(Reuters) - The U.S. Federal Communications Commission said on Friday it approved the $9.1 billion sale of U.S. regional cable company
Suddenlink Communications to European telecoms group Altice NV.
The Dutch firm announced in May its acquisition of a majority stake in Suddenlink, the seventh largest U.S. cable company, in its first U.S. acquisition.
The FCC said in its order that the Suddenlink sale “serves the public interest” and was unlikely to have “adverse competitive effects.”
Altice has acquired or taken control of broadband companies in France, Belgium, Luxembourg, Israel and Portugal, the FCC said, adding that it has a track record of improving services after acquiring firms.
In September, Altice announced plans to acquire U.S. cable firm Cablevision Systems Corp in a $17.7 billion deal.
If it wins approval of the Cablevision deal, Altice would become the fourth largest U.S. cable provider. Cablevision has 3.1 million subscribers, mostly in New York, New Jersey and Connecticut.
That deal is still under review by the FCC. Altice said it expects that deal to close by June 2016.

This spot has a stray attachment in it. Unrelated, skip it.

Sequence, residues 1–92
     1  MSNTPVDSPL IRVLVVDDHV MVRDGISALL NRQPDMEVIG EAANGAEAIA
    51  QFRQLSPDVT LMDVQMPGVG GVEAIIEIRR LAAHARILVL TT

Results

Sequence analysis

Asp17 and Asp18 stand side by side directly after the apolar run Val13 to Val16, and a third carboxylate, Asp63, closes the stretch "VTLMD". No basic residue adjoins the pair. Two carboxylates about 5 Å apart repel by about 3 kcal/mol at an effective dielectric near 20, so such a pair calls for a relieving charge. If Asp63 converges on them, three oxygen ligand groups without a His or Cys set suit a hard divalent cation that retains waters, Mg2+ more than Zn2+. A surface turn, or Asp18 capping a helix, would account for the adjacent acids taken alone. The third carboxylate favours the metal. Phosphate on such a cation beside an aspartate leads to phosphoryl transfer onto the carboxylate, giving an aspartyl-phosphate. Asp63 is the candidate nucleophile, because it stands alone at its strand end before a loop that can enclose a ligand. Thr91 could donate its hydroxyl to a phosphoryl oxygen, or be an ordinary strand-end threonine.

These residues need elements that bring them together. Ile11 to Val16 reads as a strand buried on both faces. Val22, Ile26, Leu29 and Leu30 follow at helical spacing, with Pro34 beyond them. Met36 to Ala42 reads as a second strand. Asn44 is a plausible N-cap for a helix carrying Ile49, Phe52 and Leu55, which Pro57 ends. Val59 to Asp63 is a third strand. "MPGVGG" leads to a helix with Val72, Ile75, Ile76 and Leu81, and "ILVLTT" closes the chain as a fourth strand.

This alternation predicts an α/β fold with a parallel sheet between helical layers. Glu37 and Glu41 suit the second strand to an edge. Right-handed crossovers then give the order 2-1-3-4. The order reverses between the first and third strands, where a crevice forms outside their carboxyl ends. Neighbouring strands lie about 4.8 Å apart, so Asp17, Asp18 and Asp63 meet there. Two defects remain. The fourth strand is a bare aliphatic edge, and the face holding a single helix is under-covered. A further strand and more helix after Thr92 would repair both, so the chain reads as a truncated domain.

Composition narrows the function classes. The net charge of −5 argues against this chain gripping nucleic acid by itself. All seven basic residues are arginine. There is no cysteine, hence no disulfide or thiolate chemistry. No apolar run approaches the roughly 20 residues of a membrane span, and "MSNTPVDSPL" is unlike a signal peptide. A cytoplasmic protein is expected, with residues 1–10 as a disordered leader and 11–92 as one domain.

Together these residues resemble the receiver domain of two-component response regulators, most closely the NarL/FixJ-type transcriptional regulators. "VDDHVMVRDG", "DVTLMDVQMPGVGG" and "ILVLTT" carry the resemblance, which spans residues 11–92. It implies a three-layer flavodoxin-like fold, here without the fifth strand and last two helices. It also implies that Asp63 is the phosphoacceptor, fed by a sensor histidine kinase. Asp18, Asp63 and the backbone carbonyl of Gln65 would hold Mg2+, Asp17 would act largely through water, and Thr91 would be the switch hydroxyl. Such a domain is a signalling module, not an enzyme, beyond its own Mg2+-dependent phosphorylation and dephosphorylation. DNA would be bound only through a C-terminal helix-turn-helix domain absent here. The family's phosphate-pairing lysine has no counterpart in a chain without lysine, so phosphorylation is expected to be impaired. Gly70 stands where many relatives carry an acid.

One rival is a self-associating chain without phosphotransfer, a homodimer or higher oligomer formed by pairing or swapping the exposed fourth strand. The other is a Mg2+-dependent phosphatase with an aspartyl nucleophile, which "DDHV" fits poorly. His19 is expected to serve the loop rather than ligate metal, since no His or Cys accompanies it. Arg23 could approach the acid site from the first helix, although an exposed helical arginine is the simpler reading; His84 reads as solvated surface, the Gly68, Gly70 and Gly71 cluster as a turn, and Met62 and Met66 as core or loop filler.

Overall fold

Altice previously sought unsuccessfully to buy Time Warner Cable.
Altice said in May it would buy 70 percent of Suddenlink from some existing shareholders, while some investors would retain the rest.
St. Louis, Missouri-based Suddenlink has nearly 1.5 million residential and 90,000 business customers, mainly in the U.S. South and Midwest. Its sales grew 6 percent last year to $2.3 billion and operating profit rose at a similar pace to reach $905 million.
Last month, Suddenlink reported that third-quarter revenue rose 3.6 percent to $605.1 million. It has customers in Arkansas, Louisiana, North Carolina, Oklahoma, Texas and West Virginia.
Reporting by David Shepardson in Washington; Editing by Jeffrey Benkoe